to the south and Moston to the south east. Historically part of Lancashire, Middleton's name comes from it being the centre of several circumjacent settlements. It was an ecclesiastical parish of the hundred of Salford, ruled by aristocratic families. The Church of St Leonard is a Grade I listed building
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Turkey
Turkey
Turkey
(Turkish: Türkiye [ˈtyɾcije]), officially the Republic of Turkey
Turkey
(Turkish: Türkiye Cumhuriyeti [ˈtyɾcije d͡ʒumˈhuɾijeti] ( listen)), is a transcontinental country in Eurasia, mainly in Anatolia
Anatolia
in Western Asia, with a smaller portion on the Balkan peninsula in Southeast Europe.[7] Turkey
Turkey
is bordered by eight countries with Greece
Greece
and Bulgaria
Bulgaria
to the northwest; Georgia to the northeast; Armenia, the Azerbaijan
Azerbaijan
and Iran
Iran
to the east; and Iraq
Iraq
and Syria
Syria
to the south
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Pentrich Rising
The Pentrich rising was an armed uprising in 1817 that began around the village of Pentrich, Derbyshire, in the United Kingdom. It occurred on the night of 9/10 June 1817. While much of the planning took place in Pentrich, two of the three ringleaders were from South Wingfield and the other was from Sutton in Ashfield; the 'revolution' itself started from Hunt's Barn in South Wingfield, and the only person killed died in Wingfield Park. A gathering of some two or three hundred men (stockingers, quarrymen and iron workers), led by Jeremiah Brandreth ('The Nottingham Captain'), (an unemployed stockinger, and claimed by Gyles Brandreth as an ancestor—although unlikely, since Brandreth's children emigrated to America), set out from South Wingfield to march to Nottingham
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Barthélemy Thimonnier
Barthélemy Thimonnier
Barthélemy Thimonnier
(born on August 19, 1793 in L'Arbresle, Rhône - July 5, 1857 in Amplepuis), was a French inventor, who is attributed with the invention of the first sewing machine that replicated sewing by hand.Contents1 Early life 2 Invention of the sewing machine 3 Later life 4 ReferencesEarly life[edit] In 1795, his family moved to Amplepuis. Thimonnier was the eldest of seven children. He studied for a while in Lyon, before going to work as a tailor in Panissières. Barthelemy Thimonnier married an embroideress in January 1822. In 1823, he settled in a suburb of Saint-Étienne
Saint-Étienne
and worked as a tailor there. Invention of the sewing machine[edit] In 1829, he invented the sewing machine and in 1830 he signed a contract with Auguste Ferrand, a mining engineer, who made the requisite drawings and submitted a patent application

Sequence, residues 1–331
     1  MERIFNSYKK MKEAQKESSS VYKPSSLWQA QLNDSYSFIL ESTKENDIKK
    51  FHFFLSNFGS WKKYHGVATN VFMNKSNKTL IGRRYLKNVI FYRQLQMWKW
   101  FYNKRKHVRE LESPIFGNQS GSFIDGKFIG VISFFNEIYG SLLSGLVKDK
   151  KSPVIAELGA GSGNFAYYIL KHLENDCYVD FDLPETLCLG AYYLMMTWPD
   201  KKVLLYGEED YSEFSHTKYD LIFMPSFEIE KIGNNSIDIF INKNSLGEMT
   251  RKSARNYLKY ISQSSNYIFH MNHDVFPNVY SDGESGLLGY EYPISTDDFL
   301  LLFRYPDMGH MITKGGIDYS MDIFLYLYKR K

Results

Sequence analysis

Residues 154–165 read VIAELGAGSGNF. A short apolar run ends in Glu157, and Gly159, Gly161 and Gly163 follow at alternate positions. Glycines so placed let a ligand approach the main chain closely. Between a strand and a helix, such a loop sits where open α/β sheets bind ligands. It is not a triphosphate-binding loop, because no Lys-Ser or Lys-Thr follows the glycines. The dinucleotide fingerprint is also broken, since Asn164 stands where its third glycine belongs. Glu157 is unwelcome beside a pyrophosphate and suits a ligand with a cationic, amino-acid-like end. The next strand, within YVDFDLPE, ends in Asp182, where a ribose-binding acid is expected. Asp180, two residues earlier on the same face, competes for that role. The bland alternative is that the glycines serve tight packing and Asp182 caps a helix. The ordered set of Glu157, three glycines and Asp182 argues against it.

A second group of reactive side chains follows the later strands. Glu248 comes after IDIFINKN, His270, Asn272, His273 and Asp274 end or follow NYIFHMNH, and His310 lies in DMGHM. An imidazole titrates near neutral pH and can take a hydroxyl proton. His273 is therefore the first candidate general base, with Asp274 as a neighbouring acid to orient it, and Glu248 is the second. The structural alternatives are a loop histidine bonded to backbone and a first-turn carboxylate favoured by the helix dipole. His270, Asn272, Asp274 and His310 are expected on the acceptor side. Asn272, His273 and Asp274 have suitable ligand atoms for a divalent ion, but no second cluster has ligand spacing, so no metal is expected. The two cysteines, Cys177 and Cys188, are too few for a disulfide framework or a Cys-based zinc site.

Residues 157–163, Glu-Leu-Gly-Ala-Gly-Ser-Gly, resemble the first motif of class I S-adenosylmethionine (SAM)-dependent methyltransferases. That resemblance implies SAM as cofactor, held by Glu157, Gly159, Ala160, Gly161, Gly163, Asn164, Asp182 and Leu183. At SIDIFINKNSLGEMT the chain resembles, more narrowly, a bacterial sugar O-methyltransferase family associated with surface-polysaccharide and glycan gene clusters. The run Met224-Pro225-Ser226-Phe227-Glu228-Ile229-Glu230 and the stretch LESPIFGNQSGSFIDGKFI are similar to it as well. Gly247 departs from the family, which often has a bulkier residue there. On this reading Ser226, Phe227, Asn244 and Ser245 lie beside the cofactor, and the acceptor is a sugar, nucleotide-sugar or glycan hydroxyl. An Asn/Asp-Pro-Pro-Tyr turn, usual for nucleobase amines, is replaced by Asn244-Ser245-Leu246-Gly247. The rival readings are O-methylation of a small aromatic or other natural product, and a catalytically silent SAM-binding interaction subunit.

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Jacquard Loom
The Jacquard machine (French: [ʒakaʁ]) is a device fitted to a power loom that simplifies the process of manufacturing textiles with such complex patterns as brocade, damask and matelassé.[3] It was invented by Joseph Marie Jacquard
Joseph Marie Jacquard
in 1804.[4] The loom was controlled by a "chain of cards"; a number of punched cards laced together into a continuous sequence.[5] Multiple rows of holes were punched on each card, with one complete card corresponding to one row of the design. Several such paper cards, generally white in color, can be seen in the images below
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Parliament Of The United Kingdom
HM Government     Conservative Party (245)Confidence and supply     Democratic Unionist
Democratic Unionist
Party (3)HM Most Loyal Opposition     Labour Party (191)Other opposition     Liberal Democrats (98)      Non-affiliated (29)      UKIP (3)      Ind. Labour (3)      Ulster Unionist Party
Ulster Unionist Party
(2)      Green Party (1)      Ind. Social Democrat (1)      Ind
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Penal Transportation
Penal transportation
Penal transportation
or transportation refers to the relocation of convicted criminals, or other persons regarded as undesirable, to a distant place, often a colony for a specified term; later, specifically established penal colonies became their destination. While the prisoners may have been released once the sentence was served, they generally did not have the resources to get themselves back home. England transported its convicts, political prisoners as well as prisoners of war from Scotland
Scotland
and Ireland
Ireland
to its overseas colonies in the Americas from the 1610s until early in the American Revolution
American Revolution
in 1776, when transportation to America was temporarily suspended by the Criminal Law Act 1776 (16 Geo. 3 c.43).[1] The practice was mandated in Scotland
Scotland
by an act of 1785, but was less used there than in England
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House Of Lords
The House of Lords
House of Lords
of the United Kingdom, also known as the House of Peers, is the upper house of the Parliament of the United Kingdom. Like the House of Commons, it meets in the Palace of Westminster.[2] Officially, the full name of the house is the Right Honourable the Lords Spiritual
Lords Spiritual
and Temporal of the United Kingdom
United Kingdom
of Great Britain and Northern Ireland
Northern Ireland
in Parliament assembled. Unlike the elected House of Commons, all members of the House of Lords (excluding 90 hereditary peers elected among themselves and two peers who are ex officio members) are appointed.[3] The membership of the House of Lords
House of Lords
is drawn from the peerage and is made up of Lords Spiritual and Lords Temporal